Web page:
Four commissions to celebrate Simon Holt’s 50th birthday (2007) WP
Claude Vivier: Paramirabo (1978)
Tim Benjamin: In Memoriam Tape Recorder (2007) WP


Date: Tuesday 8th January 2008
Time: 7.30pm
Venue: Wigmore Hall, London

Ticket Prices: £8-£15, concessions available
Booking/info number: 020 7935 2141
Online booking.

Radius at the Wigmore Hall

Just a reminder that Radius, the new contemporary music group I blogged about earlier in the year, have their debut concert at the Wigmore Hall this Friday. Tickets start at £10 and are available online from the Wigmore Hall. Friday’s programme includes works by Andriessen, Berio, Cage and Carter, as well as pieces by ensemble members Ian Vine and Tim Benjamin. Should be good.

Radius – new contemporary chamber group

My blogging new year proper kicks off with news of a new contemporary chamber ensemble set to make their debut in London later this year. They’re called Radius and are led by composer Tim Benjamin and Ian Vine, along with six other outstanding young soloists. Their first gig is, impressively, at the Wigmore Hall on 20th April, where they will be playing works by Tim and Ian alongside Cage, Gilbert, Carter and Andriessen. Tim was kind enough to answer some questions about the group for me:

What’s the back story to Radius – how did you all come together?

I’ve had the idea for ages to set up a top-notch chamber group dedicated to contemporary music. Only last summer did things start to come together, when I was chatting with my friend Daniel Rowland at the Proms – he had just led the BBC Symphony Orchestra under John Adams. I asked whether he was up for doing some new chamber music, and was, very much so. I had recently had similar conversations with Adrian Spillett, our percussionist, Jen George, our flautist, and Olly Coates, our cellist, so it all seemed to come together very quickly.

Our inspiration for the group came from the great “Fires of London” – the band started by Sir Peter Maxwell Davies in the 60s. We even talked to his people about calling our group “The New Fires of London”! In the end, we (very democratically) selected the name “Radius”.

Radius does not receive any public funding – indeed, I’m somewhat against public funding of the arts – instead we receive some money from several generous people I’ve met in the past. I’m also contributing personally, courtesy of some good days business-wise during the years of dot-com madness.
The Wigmore Hall is a pretty special venue for a debut – how did that come about?

It was partly luck and coincidence – they had just had a cancellation when I approached them, looking for a first-rate venue for our debut in London. Of course I had to pitch the group, and it certainly helped that most of our players have performed at the Wigmore before, and were well-known to the management. They’ve certainly taken us with quite a bit of faith and no proof of our ability as an ensemble other than our personal reputations, and we certainly want to repay that trust with a performance from the top drawer on April 20th.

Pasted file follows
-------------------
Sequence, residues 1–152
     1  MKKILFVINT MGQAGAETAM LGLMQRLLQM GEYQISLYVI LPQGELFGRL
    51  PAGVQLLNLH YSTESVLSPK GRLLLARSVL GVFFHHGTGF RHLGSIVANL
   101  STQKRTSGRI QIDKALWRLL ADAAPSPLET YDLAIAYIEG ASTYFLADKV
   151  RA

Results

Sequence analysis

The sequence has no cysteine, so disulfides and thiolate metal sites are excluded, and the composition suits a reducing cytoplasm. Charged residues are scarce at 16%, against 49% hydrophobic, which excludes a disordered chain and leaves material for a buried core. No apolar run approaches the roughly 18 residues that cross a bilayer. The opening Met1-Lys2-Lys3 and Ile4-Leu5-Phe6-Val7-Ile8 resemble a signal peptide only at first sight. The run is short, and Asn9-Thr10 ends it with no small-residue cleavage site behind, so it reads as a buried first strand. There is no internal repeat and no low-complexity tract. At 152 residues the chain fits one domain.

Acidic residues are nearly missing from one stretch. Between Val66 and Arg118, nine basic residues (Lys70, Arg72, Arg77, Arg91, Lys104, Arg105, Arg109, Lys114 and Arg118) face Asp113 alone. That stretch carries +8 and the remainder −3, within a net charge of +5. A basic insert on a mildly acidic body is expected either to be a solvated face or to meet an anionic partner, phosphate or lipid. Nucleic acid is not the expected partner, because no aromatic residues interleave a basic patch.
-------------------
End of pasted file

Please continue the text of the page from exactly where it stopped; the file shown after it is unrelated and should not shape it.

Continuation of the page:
With yourself and Ian Vine, there are two composers already involved with the ensemble; any plans to work closely with others in future?

I go back a long way with Ian – we studied together as undergraduates with Anthony Gilbert at the RNCM – and we’re great friends. Indeed I’ve been talking with Ian for years about the need for an ensemble like Radius, so it was natural he’d be involved. There is another Vine connection – our flautist, Jen, is married to Ian!

In terms of working with other composers: this is certainly a strong possibility. We’ve got a plan in the pipe-line to set up a residential masterclass for composers, and we’ll want to work with a “big name” on that. We’ve also approached a few other younger composers whose work we admire. Of course, as we’re performing lots of pieces by well-known living composers, we like to ask them for their ideas and assistance in delivering their work – for example, Anthony Gilbert (our former mentor!) has been helping Olly and Adrian with his piece “Moonfaring”, which we’re performing on April 20th at Wigmore Hall.

And what does the future hold for Radius?

Fame, riches, and world domination, of course! But more immediately – we’ve got many exciting projects coming up. We’re working with a major national festival to put on a very interesting music theatre collaboration in the Autumn, and I’ve mentioned our planned residential masterclass already. We’re also putting together some proposals for a music-and-film project with a national broadcaster. We’ve had some invitations to do some education projects and further concert dates, and finally, we’re planning to return to Wigmore Hall again next Spring – so hopefully that world domination won’t be far off!